Toolsets

In addition to streamlining installation, we’ve worked hard to make sure builds are reliable in a wide variety of environments. Most build issues reported to us are related to a combination of npm failures, network firewalls and incompatibilities in the local toolchain. To help you get (and stay) on the right track, we’re introducing the concept of TACO “Toolsets.” A Toolset combines a set of validated tools into a single package which can be used by Visual Studio. For example, the default Cordova 6.3.1 toolset includes Cordova 6.3.1, Node 4.4.3, and NPM 2.15.0. Regardless of what else is installed on your computer, TACO will use a sandboxed toolset when building your application. By using a known combination of tools, you can be confident that builds will work as expected. If you’re more of an independent tinkerer, there’s also an option to use the Global instance of any toolchain dependency, so you maintain total control.

To configure the toolset your project will use, open config.xml and go to the Toolset section of the editor. Toolsets are built, maintained and distributed by Microsoft. Our team will release new toolsets shortly after new versions of iOS, Android and Windows become available, so make sure to check Visual Studio for updates often.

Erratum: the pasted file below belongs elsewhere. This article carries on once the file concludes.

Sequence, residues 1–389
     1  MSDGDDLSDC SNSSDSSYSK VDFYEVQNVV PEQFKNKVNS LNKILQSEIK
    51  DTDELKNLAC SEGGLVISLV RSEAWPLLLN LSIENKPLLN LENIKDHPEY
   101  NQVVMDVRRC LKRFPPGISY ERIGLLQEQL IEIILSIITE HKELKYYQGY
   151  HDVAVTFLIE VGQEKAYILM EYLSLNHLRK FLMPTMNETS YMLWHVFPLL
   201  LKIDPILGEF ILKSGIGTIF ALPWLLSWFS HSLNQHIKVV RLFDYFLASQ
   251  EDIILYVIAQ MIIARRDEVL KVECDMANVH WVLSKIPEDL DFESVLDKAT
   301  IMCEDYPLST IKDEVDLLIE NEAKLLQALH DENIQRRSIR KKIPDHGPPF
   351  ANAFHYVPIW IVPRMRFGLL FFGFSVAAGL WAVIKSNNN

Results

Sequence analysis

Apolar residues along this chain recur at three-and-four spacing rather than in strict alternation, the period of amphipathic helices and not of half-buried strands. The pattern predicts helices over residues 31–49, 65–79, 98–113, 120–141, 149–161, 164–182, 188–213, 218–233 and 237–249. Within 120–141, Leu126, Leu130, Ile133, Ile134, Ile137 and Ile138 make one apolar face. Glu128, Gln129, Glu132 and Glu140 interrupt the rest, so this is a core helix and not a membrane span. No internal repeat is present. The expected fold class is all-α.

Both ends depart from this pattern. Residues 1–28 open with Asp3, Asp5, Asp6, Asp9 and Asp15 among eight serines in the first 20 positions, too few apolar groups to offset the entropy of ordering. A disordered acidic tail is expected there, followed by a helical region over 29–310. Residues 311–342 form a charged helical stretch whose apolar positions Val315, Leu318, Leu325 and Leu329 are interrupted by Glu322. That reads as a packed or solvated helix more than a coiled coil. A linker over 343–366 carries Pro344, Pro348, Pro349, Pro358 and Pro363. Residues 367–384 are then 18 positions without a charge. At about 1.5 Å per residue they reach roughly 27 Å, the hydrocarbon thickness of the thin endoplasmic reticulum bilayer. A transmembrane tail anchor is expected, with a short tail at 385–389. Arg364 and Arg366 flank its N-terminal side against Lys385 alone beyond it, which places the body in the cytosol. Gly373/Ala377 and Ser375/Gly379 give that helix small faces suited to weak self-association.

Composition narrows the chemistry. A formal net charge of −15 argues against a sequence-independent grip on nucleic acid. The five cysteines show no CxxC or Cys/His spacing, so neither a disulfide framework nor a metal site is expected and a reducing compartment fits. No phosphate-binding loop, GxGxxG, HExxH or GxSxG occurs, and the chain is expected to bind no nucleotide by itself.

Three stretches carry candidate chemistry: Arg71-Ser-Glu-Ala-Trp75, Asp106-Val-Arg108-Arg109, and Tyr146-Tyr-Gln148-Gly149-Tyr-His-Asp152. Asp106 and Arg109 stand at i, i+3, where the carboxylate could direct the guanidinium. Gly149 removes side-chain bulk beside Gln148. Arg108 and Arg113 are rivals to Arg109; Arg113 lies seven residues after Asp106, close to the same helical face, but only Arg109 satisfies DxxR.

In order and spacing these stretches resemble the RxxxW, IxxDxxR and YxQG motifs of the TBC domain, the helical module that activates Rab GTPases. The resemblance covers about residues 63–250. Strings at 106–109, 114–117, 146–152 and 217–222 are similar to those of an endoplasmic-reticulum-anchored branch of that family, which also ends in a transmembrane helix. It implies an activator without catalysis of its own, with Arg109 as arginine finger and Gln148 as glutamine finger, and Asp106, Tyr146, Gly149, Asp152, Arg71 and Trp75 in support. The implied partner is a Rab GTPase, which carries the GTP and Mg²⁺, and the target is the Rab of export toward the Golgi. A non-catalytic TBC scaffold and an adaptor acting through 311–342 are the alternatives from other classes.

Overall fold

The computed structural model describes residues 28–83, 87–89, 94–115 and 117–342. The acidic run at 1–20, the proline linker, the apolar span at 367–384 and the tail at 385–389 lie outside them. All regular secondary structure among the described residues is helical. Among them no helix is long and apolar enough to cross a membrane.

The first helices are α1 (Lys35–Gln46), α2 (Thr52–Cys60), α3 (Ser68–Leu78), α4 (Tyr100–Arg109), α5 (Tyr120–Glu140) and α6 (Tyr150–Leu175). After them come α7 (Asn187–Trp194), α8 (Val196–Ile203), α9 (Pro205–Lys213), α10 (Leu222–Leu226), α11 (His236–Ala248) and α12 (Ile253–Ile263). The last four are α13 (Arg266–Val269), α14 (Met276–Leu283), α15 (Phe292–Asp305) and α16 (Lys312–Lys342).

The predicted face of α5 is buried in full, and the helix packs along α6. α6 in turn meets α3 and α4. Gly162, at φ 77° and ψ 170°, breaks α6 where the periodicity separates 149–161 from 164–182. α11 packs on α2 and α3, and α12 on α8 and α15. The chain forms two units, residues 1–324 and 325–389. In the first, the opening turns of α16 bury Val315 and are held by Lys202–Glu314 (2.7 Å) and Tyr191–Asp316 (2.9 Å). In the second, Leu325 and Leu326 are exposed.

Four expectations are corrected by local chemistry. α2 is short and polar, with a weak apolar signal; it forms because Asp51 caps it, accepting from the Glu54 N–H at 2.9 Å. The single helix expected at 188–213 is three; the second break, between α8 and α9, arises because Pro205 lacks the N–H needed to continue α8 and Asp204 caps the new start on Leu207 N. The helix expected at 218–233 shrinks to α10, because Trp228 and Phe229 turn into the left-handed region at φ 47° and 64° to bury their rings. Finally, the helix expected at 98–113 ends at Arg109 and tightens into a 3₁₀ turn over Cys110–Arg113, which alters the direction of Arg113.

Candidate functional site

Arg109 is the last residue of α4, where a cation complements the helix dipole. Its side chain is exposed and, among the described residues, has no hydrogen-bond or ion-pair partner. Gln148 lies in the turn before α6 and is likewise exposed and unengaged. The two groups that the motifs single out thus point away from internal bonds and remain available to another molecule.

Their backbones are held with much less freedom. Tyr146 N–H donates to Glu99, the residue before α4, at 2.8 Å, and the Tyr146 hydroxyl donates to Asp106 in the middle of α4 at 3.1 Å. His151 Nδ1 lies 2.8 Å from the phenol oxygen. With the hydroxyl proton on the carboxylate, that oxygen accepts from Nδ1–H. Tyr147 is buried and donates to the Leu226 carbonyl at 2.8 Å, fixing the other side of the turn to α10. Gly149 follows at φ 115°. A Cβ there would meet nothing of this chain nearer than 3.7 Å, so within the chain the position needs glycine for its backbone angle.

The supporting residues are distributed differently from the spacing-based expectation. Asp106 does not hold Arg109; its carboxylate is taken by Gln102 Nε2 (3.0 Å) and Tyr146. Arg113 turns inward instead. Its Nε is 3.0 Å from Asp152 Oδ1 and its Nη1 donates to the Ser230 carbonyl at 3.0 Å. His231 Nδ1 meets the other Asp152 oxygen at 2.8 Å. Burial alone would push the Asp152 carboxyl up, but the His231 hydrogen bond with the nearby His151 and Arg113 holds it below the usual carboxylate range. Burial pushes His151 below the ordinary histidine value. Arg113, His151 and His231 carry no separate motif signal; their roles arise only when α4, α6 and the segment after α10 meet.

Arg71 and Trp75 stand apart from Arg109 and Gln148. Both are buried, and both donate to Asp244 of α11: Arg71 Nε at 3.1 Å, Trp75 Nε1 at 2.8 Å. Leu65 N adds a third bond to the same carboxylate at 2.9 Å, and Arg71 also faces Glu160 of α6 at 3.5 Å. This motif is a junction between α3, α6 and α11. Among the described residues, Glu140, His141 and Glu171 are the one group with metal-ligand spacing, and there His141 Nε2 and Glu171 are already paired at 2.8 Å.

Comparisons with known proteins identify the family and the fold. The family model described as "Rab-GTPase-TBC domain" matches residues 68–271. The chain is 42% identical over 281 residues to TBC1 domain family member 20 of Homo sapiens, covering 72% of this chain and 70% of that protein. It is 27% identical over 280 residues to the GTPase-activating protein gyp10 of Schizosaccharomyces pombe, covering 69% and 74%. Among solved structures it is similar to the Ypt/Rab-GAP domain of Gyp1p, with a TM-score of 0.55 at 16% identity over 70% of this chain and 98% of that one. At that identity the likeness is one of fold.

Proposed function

Making it easier to understand build errors

Finally, to help troubleshoot build errors when they happen, we’ve made a small and important change to make it easier to wade through build output. We’ve color-coded errors in the build output pane for easier reading and have added headers to call out steps in the build output to help you identify where in the build process there was a failure.

Beyond being helpful, it’s also a fun excuse to use some ASCII art.

Incredible edit-debug speed

This release introduces to Visual Studio a popular feature from our Visual Studio Code Cordova Tools extension: Cordova Simulate. For those that have been using TACO for a while, Cordova Simulate replaces the Ripple emulator that we have been using for in-browser simulation of mobile apps. It provides for a local, fast, browser-based workflow that fits with modern web developer practices that lets you do almost all your mobile development without touching an emulator or device.